post #69 of 79
i think in this case it is an over complication of simple drills, she is an academic with a specialty in neucular physics so has to have every thing explained and broken down to her level [way above the level which it needs to be]

the coach i was with is the one person who has had some success, but there are several others who refuse to take her or even have her in their group as she takes all their time and other students don't get what they deserve

it really comes to somthing when a parent of one of the kids in the group (15YO) complained that their son wasn't getting good value for what they had paid as she was taking up too much of the coaches time.

i guess there are just some people who as has be said are not conventional learners but this is one real tough one...the only solution i could see would be for her to be one to one with a coach that che can work with BTW she is in her late 40's
post #70 of 79
Thread Starter 
Without a doubt, some people do not belong in group lessons and should be diverted to private coaching.
post #71 of 79
Quote:
Originally Posted by nolo View Post
Without a doubt, some people do not belong in group lessons and should be diverted to private coaching.
so so true... i just pity the poor soul wh is the coach::
post #72 of 79
Is it september yet?
post #73 of 79
I like "We learn by doing." It is the feeling of skiing ('er whatever) "right" that makes one want to do it again and again. For some students, rhetoric may be the essential impetus to try.
With my students I talk to get the student to understand how movements affect their "feelings". We ski to memorize those feeling(s).
post #74 of 79
Lonnie - you're being very hemispherist...
post #75 of 79
Quote:
Originally Posted by nolo View Post
Without a doubt, some people do not belong in group lessons and should be diverted to private coaching.
While that is very true sometimes it is a challenge to the instructor to give each the attention they deserve and tailor the group lesson to group needs while adding or altering tasks to keep every one in the game.
It's a challenge but it's a common theme and it's up to us to deliver.
post #76 of 79
GarryZ,

the problem in this case is the trainee is oblivious to the needs of anyone else in the group she thinks she is the only important figure there and will do everything to keep the coach explaining to her rather than giving any time to the group...when he does addres the group she will always ask the most basic questions [all of which have been covered previously] and bring the discussion round to how this affects HER whatever the coach does he is compromising give her the info she wants and the rest of the group complain pay attention to the rest of the group and she gets upset.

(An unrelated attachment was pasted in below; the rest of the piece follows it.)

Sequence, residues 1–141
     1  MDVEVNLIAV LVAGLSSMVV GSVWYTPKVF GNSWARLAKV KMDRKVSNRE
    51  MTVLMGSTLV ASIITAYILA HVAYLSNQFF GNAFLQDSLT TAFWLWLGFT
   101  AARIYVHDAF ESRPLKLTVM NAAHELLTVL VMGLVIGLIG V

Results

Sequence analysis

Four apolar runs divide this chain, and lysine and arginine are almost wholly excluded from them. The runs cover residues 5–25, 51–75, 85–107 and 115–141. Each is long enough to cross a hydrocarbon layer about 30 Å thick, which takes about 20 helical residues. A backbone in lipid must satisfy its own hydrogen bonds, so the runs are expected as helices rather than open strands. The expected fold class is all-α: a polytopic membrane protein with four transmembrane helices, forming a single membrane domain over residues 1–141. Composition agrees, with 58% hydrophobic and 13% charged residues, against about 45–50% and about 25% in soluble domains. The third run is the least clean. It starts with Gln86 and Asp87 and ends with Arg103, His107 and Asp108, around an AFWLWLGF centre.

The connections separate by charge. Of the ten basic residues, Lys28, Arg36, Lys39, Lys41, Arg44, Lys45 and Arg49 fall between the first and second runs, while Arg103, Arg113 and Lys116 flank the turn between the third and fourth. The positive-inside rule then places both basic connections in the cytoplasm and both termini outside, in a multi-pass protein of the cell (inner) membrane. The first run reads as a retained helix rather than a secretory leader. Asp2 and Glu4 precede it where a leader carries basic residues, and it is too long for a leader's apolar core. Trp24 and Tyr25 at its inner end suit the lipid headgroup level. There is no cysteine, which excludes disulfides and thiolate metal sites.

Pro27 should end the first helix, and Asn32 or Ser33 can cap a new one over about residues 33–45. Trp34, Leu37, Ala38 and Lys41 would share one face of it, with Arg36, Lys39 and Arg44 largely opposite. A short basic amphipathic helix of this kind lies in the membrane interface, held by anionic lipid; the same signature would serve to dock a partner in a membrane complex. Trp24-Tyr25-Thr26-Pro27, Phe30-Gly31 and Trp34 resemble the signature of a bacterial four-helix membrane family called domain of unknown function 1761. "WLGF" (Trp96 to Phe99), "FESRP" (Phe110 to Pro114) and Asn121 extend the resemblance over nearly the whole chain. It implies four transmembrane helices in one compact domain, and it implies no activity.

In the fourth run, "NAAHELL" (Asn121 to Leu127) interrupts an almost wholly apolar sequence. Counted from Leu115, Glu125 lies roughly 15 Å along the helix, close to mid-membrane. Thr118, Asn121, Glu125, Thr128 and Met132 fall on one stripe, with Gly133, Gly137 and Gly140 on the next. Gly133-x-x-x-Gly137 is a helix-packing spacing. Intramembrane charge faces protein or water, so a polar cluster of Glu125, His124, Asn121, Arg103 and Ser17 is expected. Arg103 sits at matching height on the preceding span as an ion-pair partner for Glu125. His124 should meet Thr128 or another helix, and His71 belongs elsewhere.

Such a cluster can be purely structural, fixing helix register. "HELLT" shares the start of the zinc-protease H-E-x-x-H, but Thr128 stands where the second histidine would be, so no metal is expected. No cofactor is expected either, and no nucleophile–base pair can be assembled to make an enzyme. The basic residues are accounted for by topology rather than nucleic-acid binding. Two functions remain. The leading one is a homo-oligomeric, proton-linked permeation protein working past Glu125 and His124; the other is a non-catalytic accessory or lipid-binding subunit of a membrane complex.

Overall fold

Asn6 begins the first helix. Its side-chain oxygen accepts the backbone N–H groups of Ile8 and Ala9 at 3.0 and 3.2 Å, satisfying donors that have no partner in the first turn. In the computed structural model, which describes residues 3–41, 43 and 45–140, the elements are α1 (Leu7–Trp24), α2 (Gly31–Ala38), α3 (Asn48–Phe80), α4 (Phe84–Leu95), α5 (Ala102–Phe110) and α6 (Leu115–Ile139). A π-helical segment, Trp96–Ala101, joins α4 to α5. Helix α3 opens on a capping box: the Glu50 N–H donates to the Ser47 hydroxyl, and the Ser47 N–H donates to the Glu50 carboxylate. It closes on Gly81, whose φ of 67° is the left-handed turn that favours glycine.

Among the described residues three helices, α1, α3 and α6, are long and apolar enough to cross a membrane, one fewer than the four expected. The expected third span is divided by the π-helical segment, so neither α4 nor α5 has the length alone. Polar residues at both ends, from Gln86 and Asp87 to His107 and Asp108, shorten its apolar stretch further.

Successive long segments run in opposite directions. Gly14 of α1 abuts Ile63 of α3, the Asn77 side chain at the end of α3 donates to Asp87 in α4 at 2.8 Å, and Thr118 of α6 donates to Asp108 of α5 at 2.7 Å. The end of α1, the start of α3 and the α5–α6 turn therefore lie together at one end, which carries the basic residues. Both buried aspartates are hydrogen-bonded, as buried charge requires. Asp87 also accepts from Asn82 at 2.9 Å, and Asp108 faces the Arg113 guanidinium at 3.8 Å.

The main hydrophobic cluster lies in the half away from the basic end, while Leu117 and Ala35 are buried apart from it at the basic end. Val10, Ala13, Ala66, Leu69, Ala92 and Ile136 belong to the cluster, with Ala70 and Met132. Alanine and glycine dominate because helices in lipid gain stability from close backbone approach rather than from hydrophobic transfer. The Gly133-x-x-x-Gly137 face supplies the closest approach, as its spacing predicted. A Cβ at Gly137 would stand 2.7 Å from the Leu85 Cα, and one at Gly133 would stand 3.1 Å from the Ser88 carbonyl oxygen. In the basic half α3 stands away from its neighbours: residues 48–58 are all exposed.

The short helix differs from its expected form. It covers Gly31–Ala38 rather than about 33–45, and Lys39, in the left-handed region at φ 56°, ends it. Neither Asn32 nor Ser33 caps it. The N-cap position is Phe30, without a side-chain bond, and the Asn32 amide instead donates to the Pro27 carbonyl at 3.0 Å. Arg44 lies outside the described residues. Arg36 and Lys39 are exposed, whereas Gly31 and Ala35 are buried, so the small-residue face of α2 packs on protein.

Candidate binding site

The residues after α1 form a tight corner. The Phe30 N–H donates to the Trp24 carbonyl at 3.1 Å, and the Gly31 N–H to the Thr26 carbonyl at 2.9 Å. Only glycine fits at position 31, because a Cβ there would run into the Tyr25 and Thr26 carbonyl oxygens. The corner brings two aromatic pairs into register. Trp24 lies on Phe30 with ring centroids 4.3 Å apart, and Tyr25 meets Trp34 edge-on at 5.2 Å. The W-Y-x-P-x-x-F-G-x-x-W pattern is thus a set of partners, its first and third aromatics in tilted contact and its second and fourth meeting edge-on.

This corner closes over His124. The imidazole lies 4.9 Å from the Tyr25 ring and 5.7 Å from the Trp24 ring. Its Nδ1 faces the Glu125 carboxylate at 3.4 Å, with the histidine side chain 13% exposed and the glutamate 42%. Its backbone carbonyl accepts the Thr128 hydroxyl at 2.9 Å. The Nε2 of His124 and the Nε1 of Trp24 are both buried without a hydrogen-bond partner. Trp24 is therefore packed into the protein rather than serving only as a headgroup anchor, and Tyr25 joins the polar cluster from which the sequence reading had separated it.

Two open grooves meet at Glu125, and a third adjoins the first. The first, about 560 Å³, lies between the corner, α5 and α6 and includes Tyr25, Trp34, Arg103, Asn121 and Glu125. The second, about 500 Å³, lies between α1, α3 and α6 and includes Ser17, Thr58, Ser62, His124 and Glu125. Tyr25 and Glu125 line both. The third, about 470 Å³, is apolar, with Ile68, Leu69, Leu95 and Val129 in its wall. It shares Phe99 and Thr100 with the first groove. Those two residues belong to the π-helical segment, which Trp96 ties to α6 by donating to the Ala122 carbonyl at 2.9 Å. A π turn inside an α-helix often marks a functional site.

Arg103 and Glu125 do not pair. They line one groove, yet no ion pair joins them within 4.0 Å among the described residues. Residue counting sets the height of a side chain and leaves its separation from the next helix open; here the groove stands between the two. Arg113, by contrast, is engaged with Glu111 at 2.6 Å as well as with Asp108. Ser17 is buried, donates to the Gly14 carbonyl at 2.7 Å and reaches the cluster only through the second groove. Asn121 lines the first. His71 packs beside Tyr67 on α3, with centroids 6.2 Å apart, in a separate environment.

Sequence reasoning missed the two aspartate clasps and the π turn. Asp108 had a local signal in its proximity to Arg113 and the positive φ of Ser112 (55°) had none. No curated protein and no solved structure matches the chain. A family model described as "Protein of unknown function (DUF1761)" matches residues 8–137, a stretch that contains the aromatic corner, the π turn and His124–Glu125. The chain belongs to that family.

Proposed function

Nolo is 100% right in this case private coaching is IMO the only way to go with this one

beleive me [i was there as an observer] this is one high maintainence trainee
post #77 of 79
This person was never laughed at in middle school.


Much.
post #78 of 79
Please keep in mind when working with a person like this you are not dealing as much with a learning style as an emotional need. People want attention and have learned how to get it. The method that works best for them becomes automatic behavior. I find that directly confronting the behavior, positively, and providing an alternate method to get attention often works wonders, but not always of course.

Figureing out how to get people outside their normal behavior can open the door to learning opprotunities they had no idea existed.

I learned this from a concept offered to parents:
Children crave your attention. They perfer to be praised but will accept being punished over being ignored.
post #79 of 79
Quote:
Originally Posted by JRN View Post
Please keep in mind when working with a person like this you are not dealing as much with a learning style as an emotional need. People want attention and have learned how to get it. The method that works best for them becomes automatic behavior. I find that directly confronting the behavior, positively, and providing an alternate method to get attention often works wonders, but not always of course..
That's essentially where I was going with my comment, mostly in response to nolo's 'formal education' post above. Somehow, somewhere, somewhen, there was an emotional environment that encouraged this woman to shut off feeling-response-exploration.

The unathletic middle school geek with fast reasoned learning but slow developing, unconfident motion skills is enough of a television trope that I thought it would carry the entire message.